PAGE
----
I ran across a study looking at how getting cancer affects finances. It’s pretty sobering. First let’s look at the chance of getting cancer. The risk for acquiring cancer for all invasive sites is 39.66% or 1 in 3. The risk of dying from cancer is 22% 1 in 5. So there is a big risk of getting it and a smaller but big risk of dying from it.
Here is the result from the financial paper:
Across 9.5 million estimated new diagnoses of cancer from 2000–2012, individuals averaged 68.6±9.4 years with slight majorities being married (54.7%), not retired (51.1%), and Medicare beneficiaries (56.6%). At year+2, 42.4% depleted their entire life’s assets, with higher adjusted odds associated with worsening cancer, requirement of continued treatment, demographic and socioeconomic factors (ie, female, Medicaid, uninsured, retired, increasing age, income, and household size), and clinical characteristics (ie, current smoker, worse self-reported health, hypertension, diabetes, lung disease) (P<.05); average losses were $92,098. At year+4, financial insolvency extended to 38.2%, with several consistent socioeconomic, cancer-related, and clinical characteristics remaining significant predictors of complete asset depletion.
The link above takes you to the original paper.
There was a recent brouhaha over Suze Orman and her attitude on FIRE. Presented above is a not unlikely scenario. 1/3 got cancer of those 2/5 DEPLETED their entire life assets.
FIRE is like taking a mortgage on your future. You and your future own the mortgage. You pay the mortgage from W2 assets. In addition you off load your risk of living on your employer. It’s his job to see you and your family are covered. His job to match your retirement. His job to pay for your vacation. His job to pay for your disability and unemployment insurance. While you glibly split your W2 into savings and spending. You feel pretty smug at your “investment prowess”, but your “prowess” amounts to buying some low cost mutual funds and letting the deadly accuracy of American enterprise make you “wealthy”. You are like a flea on a dog. You go where the dog takes you. You can crawl from the tail to the head and think you are so smart, but it’s the dog stupid, it’s the dog not you that is making the progress.
You “retire” early because you notice something about pulling a “number” out of thin air. Why all ya gotta do is save 25 times that “number” and you can live 30 years off the proceeds. If you look at this article, you see three faces of retirement. One with very low risk, one with medium risk and one with high risk. These risks are expressed by varying degrees of leverage on your future. As leverage goes up risk of failure goes up. In 60 year olds case his future was unlevered. In the 52 year old case moderately levered he needed to make up 15% over 38 years. In the 38 year old case he was extremely levered. He had to triple his money, while simultaneously living on his money. You can create math that supports the RE scenario but you can’t eat math. You can eat hamburgers. 60 year old is the one with the hamburgers. 52 year old may have hamburgers or maybe Ramen. 38 year old has smoke. Suppose each scenario gets cancer, 1/3 chance. Who’s portfolio survives? The other thing that happens when you retire is you take back ALL of your risk, and just owning that risk is expensive. Maybe Suze ain’t such a dope after all.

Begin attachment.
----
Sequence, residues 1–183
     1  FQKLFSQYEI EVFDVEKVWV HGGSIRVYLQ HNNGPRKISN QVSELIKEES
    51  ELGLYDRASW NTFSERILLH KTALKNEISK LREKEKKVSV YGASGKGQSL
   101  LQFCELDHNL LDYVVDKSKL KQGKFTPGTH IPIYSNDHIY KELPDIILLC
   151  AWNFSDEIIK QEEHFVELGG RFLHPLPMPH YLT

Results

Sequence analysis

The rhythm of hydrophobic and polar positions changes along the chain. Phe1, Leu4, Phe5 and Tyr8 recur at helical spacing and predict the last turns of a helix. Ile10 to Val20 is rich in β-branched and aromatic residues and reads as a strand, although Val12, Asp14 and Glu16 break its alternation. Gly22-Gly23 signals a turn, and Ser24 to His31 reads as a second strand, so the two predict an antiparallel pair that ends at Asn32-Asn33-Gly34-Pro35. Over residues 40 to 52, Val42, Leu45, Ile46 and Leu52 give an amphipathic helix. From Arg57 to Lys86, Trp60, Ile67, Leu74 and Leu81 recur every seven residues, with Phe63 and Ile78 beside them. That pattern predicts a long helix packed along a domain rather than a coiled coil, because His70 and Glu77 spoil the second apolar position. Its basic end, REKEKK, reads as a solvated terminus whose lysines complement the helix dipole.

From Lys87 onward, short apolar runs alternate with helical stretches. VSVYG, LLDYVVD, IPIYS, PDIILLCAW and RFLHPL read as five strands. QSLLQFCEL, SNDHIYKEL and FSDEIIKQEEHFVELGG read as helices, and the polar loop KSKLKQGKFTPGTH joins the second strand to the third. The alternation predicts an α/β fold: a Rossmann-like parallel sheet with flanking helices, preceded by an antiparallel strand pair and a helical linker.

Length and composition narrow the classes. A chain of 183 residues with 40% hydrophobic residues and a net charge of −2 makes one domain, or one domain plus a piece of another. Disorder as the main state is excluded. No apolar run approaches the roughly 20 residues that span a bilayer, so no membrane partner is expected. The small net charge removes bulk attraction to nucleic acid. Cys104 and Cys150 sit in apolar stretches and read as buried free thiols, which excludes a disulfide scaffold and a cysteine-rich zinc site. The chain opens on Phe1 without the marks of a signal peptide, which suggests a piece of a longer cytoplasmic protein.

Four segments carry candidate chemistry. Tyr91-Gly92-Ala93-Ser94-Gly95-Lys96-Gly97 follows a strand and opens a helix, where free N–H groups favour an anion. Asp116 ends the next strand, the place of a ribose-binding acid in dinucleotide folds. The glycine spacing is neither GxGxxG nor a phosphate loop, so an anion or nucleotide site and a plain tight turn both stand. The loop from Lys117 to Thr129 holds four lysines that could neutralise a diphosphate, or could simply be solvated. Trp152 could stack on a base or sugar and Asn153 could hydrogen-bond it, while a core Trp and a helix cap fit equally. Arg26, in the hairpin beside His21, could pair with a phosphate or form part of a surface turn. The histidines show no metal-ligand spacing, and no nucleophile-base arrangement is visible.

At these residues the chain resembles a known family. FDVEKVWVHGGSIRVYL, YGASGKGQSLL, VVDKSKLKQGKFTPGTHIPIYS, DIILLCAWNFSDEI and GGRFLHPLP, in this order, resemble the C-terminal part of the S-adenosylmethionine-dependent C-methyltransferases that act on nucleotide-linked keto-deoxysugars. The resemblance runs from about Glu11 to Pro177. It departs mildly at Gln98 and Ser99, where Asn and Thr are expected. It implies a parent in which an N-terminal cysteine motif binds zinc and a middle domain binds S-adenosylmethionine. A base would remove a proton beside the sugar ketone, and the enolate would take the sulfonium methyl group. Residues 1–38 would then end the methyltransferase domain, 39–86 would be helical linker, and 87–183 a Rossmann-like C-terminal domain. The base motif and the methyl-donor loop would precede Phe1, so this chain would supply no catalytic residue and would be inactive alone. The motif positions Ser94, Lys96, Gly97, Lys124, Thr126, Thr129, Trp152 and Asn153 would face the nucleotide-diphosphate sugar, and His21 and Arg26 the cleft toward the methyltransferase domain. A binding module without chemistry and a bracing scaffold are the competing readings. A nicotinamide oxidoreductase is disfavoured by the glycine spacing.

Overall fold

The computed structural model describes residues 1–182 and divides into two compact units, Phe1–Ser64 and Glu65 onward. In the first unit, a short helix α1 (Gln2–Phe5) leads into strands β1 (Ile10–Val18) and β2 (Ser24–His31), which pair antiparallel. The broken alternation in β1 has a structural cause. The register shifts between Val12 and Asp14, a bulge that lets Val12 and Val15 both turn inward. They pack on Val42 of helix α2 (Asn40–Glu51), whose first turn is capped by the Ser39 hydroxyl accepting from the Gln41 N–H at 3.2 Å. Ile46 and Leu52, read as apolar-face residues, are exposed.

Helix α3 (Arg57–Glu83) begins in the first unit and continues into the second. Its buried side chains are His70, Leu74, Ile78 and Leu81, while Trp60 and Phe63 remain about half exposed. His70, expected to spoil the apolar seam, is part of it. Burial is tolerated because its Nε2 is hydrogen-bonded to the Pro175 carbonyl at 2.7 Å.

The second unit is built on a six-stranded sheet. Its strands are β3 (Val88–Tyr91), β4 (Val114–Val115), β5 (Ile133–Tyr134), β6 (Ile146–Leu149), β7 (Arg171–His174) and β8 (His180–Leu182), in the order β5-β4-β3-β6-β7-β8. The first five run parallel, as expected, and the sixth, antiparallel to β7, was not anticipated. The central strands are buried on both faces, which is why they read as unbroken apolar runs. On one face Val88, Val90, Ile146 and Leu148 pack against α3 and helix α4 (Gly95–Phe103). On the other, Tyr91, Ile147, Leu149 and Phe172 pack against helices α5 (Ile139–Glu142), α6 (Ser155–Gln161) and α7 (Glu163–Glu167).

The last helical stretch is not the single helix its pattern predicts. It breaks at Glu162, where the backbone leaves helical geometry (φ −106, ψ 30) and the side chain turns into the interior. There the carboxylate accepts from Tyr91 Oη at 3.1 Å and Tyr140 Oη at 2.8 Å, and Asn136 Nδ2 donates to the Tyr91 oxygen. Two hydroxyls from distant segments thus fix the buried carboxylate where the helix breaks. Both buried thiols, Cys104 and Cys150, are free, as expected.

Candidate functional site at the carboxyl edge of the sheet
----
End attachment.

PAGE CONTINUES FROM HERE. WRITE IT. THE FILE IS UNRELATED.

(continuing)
2 Replies to “Whip It Out, They’ll Cut It Off.”
I take it you haven’t announced yet that you started this site. Many will have plenty to say to you!
I don’t think Suze Orman is wildly crazy. She has seen more financial plans than all the internet bloggers combined. Employers taking risk for you is no small deal. I have had employees as you have, many of the bloggers have never. They know nothing of what they speak.
Suze Orman’s numbers may be high but maybe the FIRE bloggers numbers are too low. No one will know until many years into the future. If I was a betting woman, I’d side with Suze and get while the getting’s good.
Aside from health care, what about the ones who FIRE with young children. Now that will be a massive face slap when one comes up short for their kids. It’s okay to come up short for your kids due to lack of opportunity or back luck. But to come up short because you wanted to partake in an internet experiment while you had opportunities galore is patently silly.
I’ll let the site grow organically. My POV is a little contrarian and I’m on the down hill glide into the grave, so my risk perspective is different. Suze intrigued me when she said she had thousands of retirement failure letters. Understanding failure is the only way to assure success, I’m convinced of that. One thing for sure is you have to understand your post retirement situation with far more granularity than your accumulation. As I listened to Pant’s rebuttal at the end of her podcast it occurred to me Suze had screwed with her denial and she was going through retelling her narrative to herself and us to rebuild her denial and ours. Funny thing about denial, once the credibility is pierced it’s hard to rebuild. I haven’t quite figured out how you can quit your job but not access or spend down your portfolio. I think they call that magic.